‘Kind of Blue’ drummer still keeping time as album turns 60

David Sharp

AP – As legend has it, Miles Davis assembled a super group of jazz musicians in a New York studio and recorded a bunch of songs without retakes. They left Columbia’s 30th Street Studio having no idea that their work would become one of the best-selling jazz albums of all time.

Drummer Jimmy Cobb said that’s mostly correct.

He recalls one song required a second try. And while they may not have known they were making history, they understood they’d created a hit with Kind of Blue.

“We knew it was pretty good,” Cobb joked.

Cobb, 90, of New York, is the last survivor of the musicians who assembled for Kind of Blue — saxophonists Cannonball Adderley and John Coltrane; pianists Bill Evans and Wynton Kelly; bassist Paul Chambers; and, of course, trumpeter Davis, and drummer Cobb.

Drummer Jimmy Cobb from the Jimmy Cobb Trio performs at the Peperoncino Jazz Festival. PHOTOS: AP

The album, released 60 years ago, on August 17, 1959, captured a moment when jazz was transforming from bebop to something newer, cooler and less structured.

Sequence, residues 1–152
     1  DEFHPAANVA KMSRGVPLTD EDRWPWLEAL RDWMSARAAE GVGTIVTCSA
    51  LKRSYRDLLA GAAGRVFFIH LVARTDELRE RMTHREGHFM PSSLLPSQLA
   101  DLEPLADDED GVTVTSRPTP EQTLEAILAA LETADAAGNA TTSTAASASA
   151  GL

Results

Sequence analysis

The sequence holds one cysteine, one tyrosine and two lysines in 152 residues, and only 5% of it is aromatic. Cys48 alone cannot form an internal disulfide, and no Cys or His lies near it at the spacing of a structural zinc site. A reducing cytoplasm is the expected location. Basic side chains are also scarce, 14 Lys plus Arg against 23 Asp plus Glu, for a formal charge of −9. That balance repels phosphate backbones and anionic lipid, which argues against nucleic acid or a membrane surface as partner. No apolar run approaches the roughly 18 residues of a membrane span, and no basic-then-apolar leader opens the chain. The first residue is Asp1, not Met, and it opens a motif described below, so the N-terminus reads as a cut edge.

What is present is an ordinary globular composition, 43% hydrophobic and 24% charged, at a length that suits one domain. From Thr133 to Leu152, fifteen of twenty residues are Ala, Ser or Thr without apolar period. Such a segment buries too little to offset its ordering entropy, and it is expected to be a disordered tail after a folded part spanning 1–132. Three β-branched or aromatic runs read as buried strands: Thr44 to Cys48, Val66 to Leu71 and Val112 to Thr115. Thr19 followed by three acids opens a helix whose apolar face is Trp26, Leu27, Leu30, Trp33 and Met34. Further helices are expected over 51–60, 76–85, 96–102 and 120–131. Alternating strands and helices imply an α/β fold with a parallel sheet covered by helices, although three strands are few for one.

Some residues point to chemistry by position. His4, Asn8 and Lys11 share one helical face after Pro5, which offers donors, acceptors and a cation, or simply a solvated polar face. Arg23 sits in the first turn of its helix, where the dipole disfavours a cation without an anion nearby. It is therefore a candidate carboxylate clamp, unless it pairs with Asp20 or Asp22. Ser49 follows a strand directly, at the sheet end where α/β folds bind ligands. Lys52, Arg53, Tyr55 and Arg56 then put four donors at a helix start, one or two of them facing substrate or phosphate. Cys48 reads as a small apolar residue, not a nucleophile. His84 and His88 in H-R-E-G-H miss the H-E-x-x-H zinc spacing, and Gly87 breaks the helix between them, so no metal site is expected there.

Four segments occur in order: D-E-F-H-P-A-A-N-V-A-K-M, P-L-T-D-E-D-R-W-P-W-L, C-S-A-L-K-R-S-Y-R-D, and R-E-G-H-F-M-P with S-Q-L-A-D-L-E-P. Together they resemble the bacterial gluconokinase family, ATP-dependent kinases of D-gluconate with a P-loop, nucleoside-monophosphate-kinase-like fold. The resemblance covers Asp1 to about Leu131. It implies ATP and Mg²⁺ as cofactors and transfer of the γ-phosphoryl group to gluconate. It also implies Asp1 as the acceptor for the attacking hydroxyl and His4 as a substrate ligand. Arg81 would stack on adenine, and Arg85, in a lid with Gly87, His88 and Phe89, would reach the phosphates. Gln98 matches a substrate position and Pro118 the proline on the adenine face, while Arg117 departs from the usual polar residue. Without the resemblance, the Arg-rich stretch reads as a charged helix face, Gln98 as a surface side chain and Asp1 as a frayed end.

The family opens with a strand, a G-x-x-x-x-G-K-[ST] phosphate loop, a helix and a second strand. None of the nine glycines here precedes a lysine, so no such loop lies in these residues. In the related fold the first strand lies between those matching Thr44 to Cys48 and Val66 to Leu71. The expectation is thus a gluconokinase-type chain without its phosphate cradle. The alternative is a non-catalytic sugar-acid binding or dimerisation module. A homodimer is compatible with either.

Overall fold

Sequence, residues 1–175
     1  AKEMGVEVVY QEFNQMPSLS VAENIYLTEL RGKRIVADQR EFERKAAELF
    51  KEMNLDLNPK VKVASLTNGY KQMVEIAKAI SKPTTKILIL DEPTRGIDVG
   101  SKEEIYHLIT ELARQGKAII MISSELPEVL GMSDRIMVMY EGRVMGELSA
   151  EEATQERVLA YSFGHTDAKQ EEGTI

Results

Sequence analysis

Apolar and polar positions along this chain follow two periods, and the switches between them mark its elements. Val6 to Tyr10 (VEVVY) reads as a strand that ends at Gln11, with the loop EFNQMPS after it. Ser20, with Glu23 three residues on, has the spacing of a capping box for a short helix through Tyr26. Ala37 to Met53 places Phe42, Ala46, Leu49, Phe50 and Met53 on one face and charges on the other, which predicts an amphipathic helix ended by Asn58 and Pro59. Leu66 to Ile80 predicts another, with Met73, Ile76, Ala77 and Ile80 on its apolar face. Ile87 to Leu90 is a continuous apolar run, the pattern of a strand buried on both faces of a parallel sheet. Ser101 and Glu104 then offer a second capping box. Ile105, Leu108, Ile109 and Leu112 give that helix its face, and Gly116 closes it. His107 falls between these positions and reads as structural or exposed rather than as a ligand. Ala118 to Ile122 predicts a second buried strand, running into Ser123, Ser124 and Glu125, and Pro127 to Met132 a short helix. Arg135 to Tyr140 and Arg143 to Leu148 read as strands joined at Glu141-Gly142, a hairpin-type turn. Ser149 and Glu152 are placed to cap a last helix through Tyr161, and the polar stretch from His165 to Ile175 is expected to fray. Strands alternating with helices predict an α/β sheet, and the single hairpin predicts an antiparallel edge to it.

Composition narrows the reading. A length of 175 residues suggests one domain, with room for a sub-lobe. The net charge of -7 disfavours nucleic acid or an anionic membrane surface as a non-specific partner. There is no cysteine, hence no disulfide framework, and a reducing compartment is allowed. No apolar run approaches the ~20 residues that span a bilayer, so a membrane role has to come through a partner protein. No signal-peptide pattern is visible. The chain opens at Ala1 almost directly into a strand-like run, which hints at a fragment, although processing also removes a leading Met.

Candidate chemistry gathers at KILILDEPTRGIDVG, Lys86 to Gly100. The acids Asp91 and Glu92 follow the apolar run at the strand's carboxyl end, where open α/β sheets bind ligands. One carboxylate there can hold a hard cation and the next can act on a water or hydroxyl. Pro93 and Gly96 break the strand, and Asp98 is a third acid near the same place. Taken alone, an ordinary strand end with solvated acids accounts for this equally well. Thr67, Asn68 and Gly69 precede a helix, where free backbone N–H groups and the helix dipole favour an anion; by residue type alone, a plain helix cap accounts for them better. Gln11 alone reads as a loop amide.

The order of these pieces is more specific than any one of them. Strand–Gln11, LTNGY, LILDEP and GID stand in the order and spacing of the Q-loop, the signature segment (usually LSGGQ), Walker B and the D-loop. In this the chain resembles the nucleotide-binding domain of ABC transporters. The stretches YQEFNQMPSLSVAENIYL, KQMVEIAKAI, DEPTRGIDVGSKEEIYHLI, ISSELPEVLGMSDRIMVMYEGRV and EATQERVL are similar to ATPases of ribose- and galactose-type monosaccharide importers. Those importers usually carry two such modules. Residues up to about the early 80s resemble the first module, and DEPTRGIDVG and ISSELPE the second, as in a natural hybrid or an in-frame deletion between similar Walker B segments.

On the album, Davis experimented with “modal jazz” by using simpler “modes” instead of traditional chord progressions, giving his performers more freedom to improvise on the album. Sound engineers captured the sessions, held on two days, with a superb hi-fi recording.

Cobb grew up in Washington DC, listening to jazz albums and staying up late to hear disc jockey Symphony Sid playing jazz in New York City before launching his professional career. He said it was Adderley who recommended him to Davis, and he ended up playing on several Davis recordings.

He’s still making music.

On August 30, he’s releasing Remembering U with Japanese pianist Tadataka Unno and Italian bassist Paolo Benedettini, and guest appearances by saxophonist Javon Jackson and the late trumpeter Roy Hargrove.

As for Kind of Blue, Cobb said Davis assembled musicians who had chemistry and understood what he required for his minimalist approach in the studio.

Davis craved authenticity and spontaneity, and his approach in the studio achieved it, Cobb said.

Davis had some notes jotted down but there weren’t pages of sheet music. It was up to the improvisers to fill the pages.

“He’d say this is a ballad. I want it to sound like it’s floating. And I’d say, ‘OK,’ and that’s what it was,” Cobb recalled.